Eye For Film >> Movies >> Crock Of Gold: A Few Rounds With Shane McGowan (2020) Film Review
Crock Of Gold: A Few Rounds With Shane McGowan
Reviewed by: Jennie Kermode
If there was one thing that puzzled and frustrated music journalists in the Eighties more than any other, it was how it could be that, surrounded as he was by so many stylishly dressed, perfectly posed and undoubtedly good looking male music stars, The Pogues' Shane McGowan got so much female attention. He may have been routinely described as the ugly guy, but even now, in his sixties, one has to acknowledge that he's in pretty good shape for a man who has been drinking several pints a day since he was six.
There's a story, you see, about a dragon and a crock of gold, and the dragon makes a tempting alternative offer, but it's the gold - sometimes associated with creative power or insight - that's the only satisfying prize for a certain sort of man. Here, McGowan says that he's been looking for that crock of gold all his life. Much of the interview material used in Julien Temple's documentary is shot in a pub where McGowan is enjoying a few drinks with his old pal Johnny Depp. When the actor makes a reference to his work, McGowan scoffs, asking if he seriously thinks that he stayed awake all through Pirates. "You think I did?" Depp retorts.
This is how the film plays out: loose and jumbled but still somehow telling a story. It's a style that suits its subject perfectly. He takes us back to his early childhood, growing up in a remote Irish cottage with a family who believed that children should be allowed to do whatever they wanted as long as they went to mass. Since McGowan loved mass - the spectacle, the music, the magic of it all - his life was an easy one, a happy haze of drink and cigarettes and meaningful conversations with farm animals. Then he moved to an England where the pubs had signs saying 'no dogs, no blacks, no Irish' and people reminded him of that prejudice at every turn, and somewhere along the line he sat the Sex Pistols and hit upon an idea that would revolutionise the way the world understood Irish music.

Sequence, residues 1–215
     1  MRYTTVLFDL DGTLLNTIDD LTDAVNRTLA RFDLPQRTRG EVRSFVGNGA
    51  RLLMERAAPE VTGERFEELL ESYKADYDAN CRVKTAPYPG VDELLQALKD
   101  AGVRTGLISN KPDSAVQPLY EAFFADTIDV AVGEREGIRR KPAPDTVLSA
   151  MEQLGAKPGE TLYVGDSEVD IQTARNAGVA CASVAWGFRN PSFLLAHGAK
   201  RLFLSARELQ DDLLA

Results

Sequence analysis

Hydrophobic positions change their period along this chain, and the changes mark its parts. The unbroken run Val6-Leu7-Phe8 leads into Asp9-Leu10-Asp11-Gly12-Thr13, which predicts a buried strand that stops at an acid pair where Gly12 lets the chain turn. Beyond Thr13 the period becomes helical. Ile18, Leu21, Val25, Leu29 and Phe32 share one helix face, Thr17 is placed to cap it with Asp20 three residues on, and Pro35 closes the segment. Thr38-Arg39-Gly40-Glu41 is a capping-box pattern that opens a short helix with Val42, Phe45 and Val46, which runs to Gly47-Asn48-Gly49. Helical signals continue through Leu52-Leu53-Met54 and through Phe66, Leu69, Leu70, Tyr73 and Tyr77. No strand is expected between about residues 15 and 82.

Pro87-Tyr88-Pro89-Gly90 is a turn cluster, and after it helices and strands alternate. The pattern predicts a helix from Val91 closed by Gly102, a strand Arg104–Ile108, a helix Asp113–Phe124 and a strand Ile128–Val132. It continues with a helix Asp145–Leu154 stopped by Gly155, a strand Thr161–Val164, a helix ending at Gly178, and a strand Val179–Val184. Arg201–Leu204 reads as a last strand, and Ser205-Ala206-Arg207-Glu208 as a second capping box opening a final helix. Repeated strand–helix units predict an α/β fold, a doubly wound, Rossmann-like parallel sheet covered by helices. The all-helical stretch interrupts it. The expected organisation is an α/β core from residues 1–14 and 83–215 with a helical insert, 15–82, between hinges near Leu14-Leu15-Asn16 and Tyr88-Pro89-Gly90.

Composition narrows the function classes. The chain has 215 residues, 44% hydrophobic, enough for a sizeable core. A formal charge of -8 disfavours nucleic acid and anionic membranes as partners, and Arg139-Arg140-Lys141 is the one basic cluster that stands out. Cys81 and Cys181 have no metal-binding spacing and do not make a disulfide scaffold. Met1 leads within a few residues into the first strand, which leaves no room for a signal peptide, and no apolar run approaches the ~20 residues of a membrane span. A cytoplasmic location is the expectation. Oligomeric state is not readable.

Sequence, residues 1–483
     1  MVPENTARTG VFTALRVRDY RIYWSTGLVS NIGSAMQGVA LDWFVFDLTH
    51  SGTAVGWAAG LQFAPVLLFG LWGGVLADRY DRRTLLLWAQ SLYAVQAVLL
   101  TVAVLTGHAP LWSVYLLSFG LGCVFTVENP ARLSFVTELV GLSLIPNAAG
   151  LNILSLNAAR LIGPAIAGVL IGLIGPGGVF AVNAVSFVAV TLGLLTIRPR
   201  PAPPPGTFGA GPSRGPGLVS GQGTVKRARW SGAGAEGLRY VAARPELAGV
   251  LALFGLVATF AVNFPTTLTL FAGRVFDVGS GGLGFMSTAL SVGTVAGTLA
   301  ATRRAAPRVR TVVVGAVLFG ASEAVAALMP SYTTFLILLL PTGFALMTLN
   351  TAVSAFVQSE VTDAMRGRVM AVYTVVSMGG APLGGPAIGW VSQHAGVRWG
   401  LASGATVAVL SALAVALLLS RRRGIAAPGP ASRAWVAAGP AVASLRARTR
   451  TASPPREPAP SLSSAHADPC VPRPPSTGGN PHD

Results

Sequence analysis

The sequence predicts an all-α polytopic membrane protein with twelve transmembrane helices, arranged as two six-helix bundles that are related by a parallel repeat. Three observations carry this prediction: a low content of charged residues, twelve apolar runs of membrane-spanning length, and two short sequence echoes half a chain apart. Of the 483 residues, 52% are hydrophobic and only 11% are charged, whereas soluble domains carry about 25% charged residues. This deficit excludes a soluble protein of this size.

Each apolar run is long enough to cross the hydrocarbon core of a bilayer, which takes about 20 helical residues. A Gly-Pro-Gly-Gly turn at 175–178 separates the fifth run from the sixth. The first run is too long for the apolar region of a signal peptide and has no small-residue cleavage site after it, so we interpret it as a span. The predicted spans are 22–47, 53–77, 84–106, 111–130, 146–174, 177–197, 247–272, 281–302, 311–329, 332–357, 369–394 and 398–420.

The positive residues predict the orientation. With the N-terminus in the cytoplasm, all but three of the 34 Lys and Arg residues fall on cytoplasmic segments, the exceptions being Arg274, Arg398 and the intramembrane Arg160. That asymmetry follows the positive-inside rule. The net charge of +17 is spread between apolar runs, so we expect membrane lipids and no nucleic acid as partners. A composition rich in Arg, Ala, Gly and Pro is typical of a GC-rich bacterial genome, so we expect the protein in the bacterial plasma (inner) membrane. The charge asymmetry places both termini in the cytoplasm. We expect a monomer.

Meandering through the career that followed, the film doesn't actually feature all that many Pogues songs, and Fairytale Of New York is as overused as it is most Christmases, but the focus is more on the man than the music. McGowan is a fine spinner of tales and has had an abundance of adventures. You won't need to be a fan to find them entertaining. There's a recognition, though, that charming though he may be, his alcoholism has put real pressure on the people close to him and has seriously messed up his life at times. He argues that he doesn't care and that it's nobody else's business if he chooses to enjoy himself at the expense of his health, but there's a melancholy streak to the film that reflects strained relationships and an awareness of loss.
Songs are called 'airs', McGowan says, because one can pluck them out of the air; that's what he does if he loses one. There's an innocence about him, a complete focus on the moment that suggests he doesn't really appreciate the rarity of his talent. He knows his history and speaks extensively on politics, explaining how the one has shaped the other, yet his own story, even as it tumbles out, seems to be something of a mystery to him. It's illustrated with various pieces of archive footage, some of which he's in, some of which may or may not be him. This sense of ambiguity pervades the film, giving it a dreamlike quality. As in any good story, the details might shift but it's the soul of the thing that matters.
The film is in UK cinemas on December 4 and on DVD and VoD from December 7.Reviewed on: 27 Nov 2020
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